What Are The Potential Complications of a Tracheostomy?

Patient Presentation
A 4-year-old male came to clinic with increased respiratory secretions for the past 24 hours. He had a tracheostomy and the secretions were increased in amount and were thicker and yellowish in color instead of white. He had problems sleeping the night before because of coughing, which had continued into the daytime. He did not have problems breathing after suctioning but needed it at least hourly and often more. He also had copious clear rhinorrhea. He was uncommunicative, but his mother didn’t believe he was having any pain. He was afebrile, and was urinating and stooling as usual.

The past medical history was positive for a currently unidentified neurological condition where he had hypotonia, decreased strength and cognitive deficits. He had a tracheostomy and a gastrostomy tube placed around 1 year of life after multiple episodes of hospitalization for respiratory infections and failure to thrive. During that hospitalization, he needed chronic ventilatory support. Since that time he had been hospitalized 2-3 times/year for respiratory infections and pulmonary toilet. He had a decannulation attempt the previous year that failed because of general intolerance. The family history was positive for an adoptive brother who had congenital heart disease.

The pertinent physical exam showed a thin male with a respiratory rate of 42/minute, heart rate of 98 beats/min, with a normal blood pressure and temperature. His saturation was 90%. Weight had increased ~250 grams from an office visit 5 weeks ago. HEENT showed copious clear rhinorrhea, clear throat, and dull tympanic membranes bilaterally without fluid. His trach cannula was in place and the stoma was clear without erythema or granulation tissue. Lungs were quite coarse with fluid that moved with coughing. He had no specific wheezing or decreased breath sounds. His abdomen was soft and non-tender with a gastrostomy tube in place. The stoma site showed normal skin tissue. Neurologically, he was uncommunicative but would follow the examiner with his eyes. He had hypotonia and decreased strength. After he was suctioned, his saturation increased to 94%.

The work-up included a chest radiograph that was normal for the patient and without specific focal consolidation. A tracheostomy culture and gram-stain was sent. Some gram-positive cocci in pairs were seen along with increased polymorphonuclear cells.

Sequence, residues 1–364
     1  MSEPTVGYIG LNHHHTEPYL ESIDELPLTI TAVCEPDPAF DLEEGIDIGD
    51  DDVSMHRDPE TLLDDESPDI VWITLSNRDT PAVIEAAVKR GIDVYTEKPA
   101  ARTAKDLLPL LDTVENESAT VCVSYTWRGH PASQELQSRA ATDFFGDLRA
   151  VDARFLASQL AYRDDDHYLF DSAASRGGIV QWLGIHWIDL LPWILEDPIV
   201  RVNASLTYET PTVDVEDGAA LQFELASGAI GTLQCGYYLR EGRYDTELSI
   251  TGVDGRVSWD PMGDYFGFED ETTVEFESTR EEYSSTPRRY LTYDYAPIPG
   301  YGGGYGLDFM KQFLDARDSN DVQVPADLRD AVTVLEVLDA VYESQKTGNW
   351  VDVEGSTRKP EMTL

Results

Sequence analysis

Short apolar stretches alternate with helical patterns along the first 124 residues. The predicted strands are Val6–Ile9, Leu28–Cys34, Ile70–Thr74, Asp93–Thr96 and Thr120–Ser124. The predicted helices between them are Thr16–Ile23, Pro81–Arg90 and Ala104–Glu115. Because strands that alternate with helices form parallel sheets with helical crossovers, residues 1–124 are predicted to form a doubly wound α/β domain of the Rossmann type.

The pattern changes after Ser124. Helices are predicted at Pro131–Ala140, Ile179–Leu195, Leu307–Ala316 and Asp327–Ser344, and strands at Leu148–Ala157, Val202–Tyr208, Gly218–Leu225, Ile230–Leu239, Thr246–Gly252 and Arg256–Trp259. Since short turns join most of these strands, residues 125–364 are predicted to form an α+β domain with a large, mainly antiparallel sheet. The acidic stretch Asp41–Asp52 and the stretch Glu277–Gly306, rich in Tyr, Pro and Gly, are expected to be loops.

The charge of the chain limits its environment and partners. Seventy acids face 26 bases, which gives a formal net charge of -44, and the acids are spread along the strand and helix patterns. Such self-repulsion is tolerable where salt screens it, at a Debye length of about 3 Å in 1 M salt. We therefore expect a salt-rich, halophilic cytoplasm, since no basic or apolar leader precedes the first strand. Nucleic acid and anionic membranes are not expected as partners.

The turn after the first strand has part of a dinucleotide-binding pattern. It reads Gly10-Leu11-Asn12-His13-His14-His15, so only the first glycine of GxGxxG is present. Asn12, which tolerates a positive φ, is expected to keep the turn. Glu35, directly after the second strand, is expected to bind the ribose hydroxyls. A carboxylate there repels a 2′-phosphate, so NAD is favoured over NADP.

The diagnosis of an upper respiratory tract infection with increased secretions was made. The mother was concerned about being able to care for the child because her husband was out of town and her backup nursing staff was not available. “I’m not sure that I can really take care of him, along with his brother by myself. I don’t want him to be hospitalized, but he needs to be watched all the time,” she said. The pediatrician called his pulmonologist who agreed with the mother. “He gets sick pretty quickly and he probably would be okay if there was nursing care, but I don’t feel comfortable with her being alone. She’s very good and if she is worried, then I know I should be worried too,” the pulmonologist said. Over the night, the patient’s clinical course worsened slightly and he need very frequent suctioning and 2 liters of oxygen/minute by trach cuff. He still remained afebrile. Over the next 2 days, he was slowly weaned off the oxygen and the secretions decreased in amount. He was discharged home.

In the past, indications for tracheostomy were often because of infection, but today are more often due to need for chronic airway support and/or ventilation. Many more children and infants are having tracheostomies placed. Decannulation rates for these children are low due to concomitant complex chronic disease such as neurological, pulmonary and congenital heart diseases. Co-morbidies are common with 3-4 being average, and frequently also including chronic technology such as gastrostomy tubes or ventriculoperitoneal shunts. Approximately 8% of children do not survive the hospitalization where the tracheostomy is placed. It is believe this is not specifically due to the tracheostomy, but is secondary to underlying medical conditions. About 15-20% of children with tracheostomies have a tracheostomy-related complication and many have frequent hospitalizations. Frequent hospitalizations are often due to respiratory issues (50.8% with pneumonia accounting for 15.4%) and neurological and otolarygological problems accounting for 8.4% each in a 2015 study.